Pleasantly mild (and mildly pleasant), Netflix’s Beckett echoes paranoid thrillers of the 70s


John David Washington leads political conspiracy thriller Beckett as an American tourist in Greece suddenly running for his life. Echoing the paranoid ‘wrong-man’ thrillers of the 70s, Beckett isn’t wildly inventive or exciting, writes Katie Parker, but at least it’s a pleasantly mild diversion.

Remember the everyman? Average, humble and generally inoffensive, he used to be a stalwart of cinema, inexplicably faced again and again with exceptional circumstances disproportionate to his ordinariness. That is, of course, before everyone became a super-powered comic book character. In new Netflix action-thriller Beckett, however, the everyman is revived, with director Ferdinando Cito Filomarino paying homage to the paranoid ‘wrong-man’ thrillers of the 1970s and exploring the idea that not every hero has to be particularly heroic.

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We first meet Beckett (John David Washington), in the midst of a vacation in sunny, sunny Greece with his girlfriend April (Alicia Vikander). The trip is going well—so well, in fact, that they barely notice the civil unrest simmering beneath the surface as they swan and smooch around the streets of Athens.

Tragedy strikes, however, on the way to their next destination. Running off the road and into an abandoned house, April is killed instantly (sorry Vikander-hive), while Beckett is the sole witness of something he wasn’t supposed to see. Barely has he grappled with his shock, grief and guilt, before he realises someone is trying to kill him—and suddenly he’s on the run, fleeing his newfound assailants across the Greek countryside, and all the while attempting to a) find the American embassy and b) figure out what the fuck is going on.

None of these things happen in any kind of hurry mind you, and, for what is ostensibly an ‘action-thriller’, there are relatively minimal action or thrills. Instead, Filomarino takes his time, languidly allowing the plot to unravel almost entirely in exposition, unveiling what turns out to be a vast international conspiracy with surprisingly little fanfare.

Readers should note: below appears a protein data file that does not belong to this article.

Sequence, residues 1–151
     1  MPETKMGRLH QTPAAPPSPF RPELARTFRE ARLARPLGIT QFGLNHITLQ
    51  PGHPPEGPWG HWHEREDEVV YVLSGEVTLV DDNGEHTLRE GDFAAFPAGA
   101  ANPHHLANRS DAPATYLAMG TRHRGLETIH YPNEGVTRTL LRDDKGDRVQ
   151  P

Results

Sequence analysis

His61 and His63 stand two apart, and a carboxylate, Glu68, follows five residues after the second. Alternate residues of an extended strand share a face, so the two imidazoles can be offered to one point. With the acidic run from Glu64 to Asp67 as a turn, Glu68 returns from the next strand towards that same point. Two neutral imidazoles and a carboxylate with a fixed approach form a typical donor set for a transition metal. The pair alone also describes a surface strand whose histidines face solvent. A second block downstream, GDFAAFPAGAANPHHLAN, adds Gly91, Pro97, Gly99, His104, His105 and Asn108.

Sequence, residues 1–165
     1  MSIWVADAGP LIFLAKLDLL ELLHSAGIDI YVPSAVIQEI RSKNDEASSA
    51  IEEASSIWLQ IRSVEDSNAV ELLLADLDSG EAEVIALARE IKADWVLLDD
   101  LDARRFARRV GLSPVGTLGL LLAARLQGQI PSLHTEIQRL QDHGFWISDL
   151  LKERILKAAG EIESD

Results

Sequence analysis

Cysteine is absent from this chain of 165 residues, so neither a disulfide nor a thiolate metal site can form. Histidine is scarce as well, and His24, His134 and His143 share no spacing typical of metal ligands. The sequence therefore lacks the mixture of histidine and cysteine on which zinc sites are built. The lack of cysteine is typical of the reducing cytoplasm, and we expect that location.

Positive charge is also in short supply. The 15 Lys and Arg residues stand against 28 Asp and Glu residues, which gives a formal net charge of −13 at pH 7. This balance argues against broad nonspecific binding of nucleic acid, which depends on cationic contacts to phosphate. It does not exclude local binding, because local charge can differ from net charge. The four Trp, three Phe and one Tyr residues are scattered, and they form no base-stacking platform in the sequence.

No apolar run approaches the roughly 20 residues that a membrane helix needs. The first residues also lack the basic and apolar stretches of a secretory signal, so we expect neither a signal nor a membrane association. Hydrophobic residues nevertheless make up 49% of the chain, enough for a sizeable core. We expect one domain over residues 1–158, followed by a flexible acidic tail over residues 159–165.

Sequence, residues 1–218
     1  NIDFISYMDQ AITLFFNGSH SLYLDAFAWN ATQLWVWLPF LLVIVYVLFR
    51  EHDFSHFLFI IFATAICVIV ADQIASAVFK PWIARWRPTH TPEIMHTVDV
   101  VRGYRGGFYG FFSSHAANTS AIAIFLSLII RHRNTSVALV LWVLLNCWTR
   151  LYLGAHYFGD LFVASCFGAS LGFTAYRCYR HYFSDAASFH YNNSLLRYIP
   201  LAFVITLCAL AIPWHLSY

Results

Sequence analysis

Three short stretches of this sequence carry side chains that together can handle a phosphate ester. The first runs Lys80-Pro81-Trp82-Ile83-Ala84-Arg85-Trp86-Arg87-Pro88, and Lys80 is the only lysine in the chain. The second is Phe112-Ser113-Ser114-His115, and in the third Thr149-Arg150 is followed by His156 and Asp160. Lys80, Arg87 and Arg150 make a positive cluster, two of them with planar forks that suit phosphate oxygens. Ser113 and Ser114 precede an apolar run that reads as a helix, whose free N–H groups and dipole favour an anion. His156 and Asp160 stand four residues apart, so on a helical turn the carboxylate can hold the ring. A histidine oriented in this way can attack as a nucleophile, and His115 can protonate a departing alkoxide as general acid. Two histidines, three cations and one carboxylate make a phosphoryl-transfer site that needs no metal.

Washington is fittingly nondescript as the unlucky Beckett. We learn little about him except that he’s sweet, gentle, and weally wuvs his gf. When things go south, he’s only marginally less hopeless than the rest of us would be—a bold move in the age of ‘main character energy’, but a nice deviation from popular culture’s current preoccupation with exceptionalism. Similarly, the film itself is far from the intense, overstimulating barrage of violence that action audiences are used to, instead taking a toned-down, gentle tack that is refreshingly inoffensive.

But does mild-mannered meandering come at the expense of depth? In this case, yes, and despite gesturing towards an atmosphere of political turbulence, there is never more than the vaguest explanation of what is actually going on—and even this is reduced to the most easily intelligible and unambiguous portrait of corruption imaginable. Scenes of violent protest may form an aesthetically effective backdrop, but ultimately Filomarino has about as much to say here as a Kendall Jenner Pepsi commercial.

Yet, while not wildly inventive, exciting or even super thoughtful, Beckett is nevertheless a pleasantly mild (and mildly pleasant) diversion and a strangely soothing escape from the stylised hyperviolence that has become all but inescapable in a post-John Wick world. So too is there a certain relief in Filomarino’s refusal to pursue something more cerebral, even if what Beckett really needed to do was to lean into its silliness, and get a little bit goofier. After all, this is a film that was originally titled Born to Be Murdered—why not have some fun?

Despite its distinct mediocrity, it’s hard to be too mad at Beckett. Not everything has to be a blockbuster sensation or a searing political critique. A little sun, a little intrigue and a little low-stakes suspense? It’s just what the everyman ordered.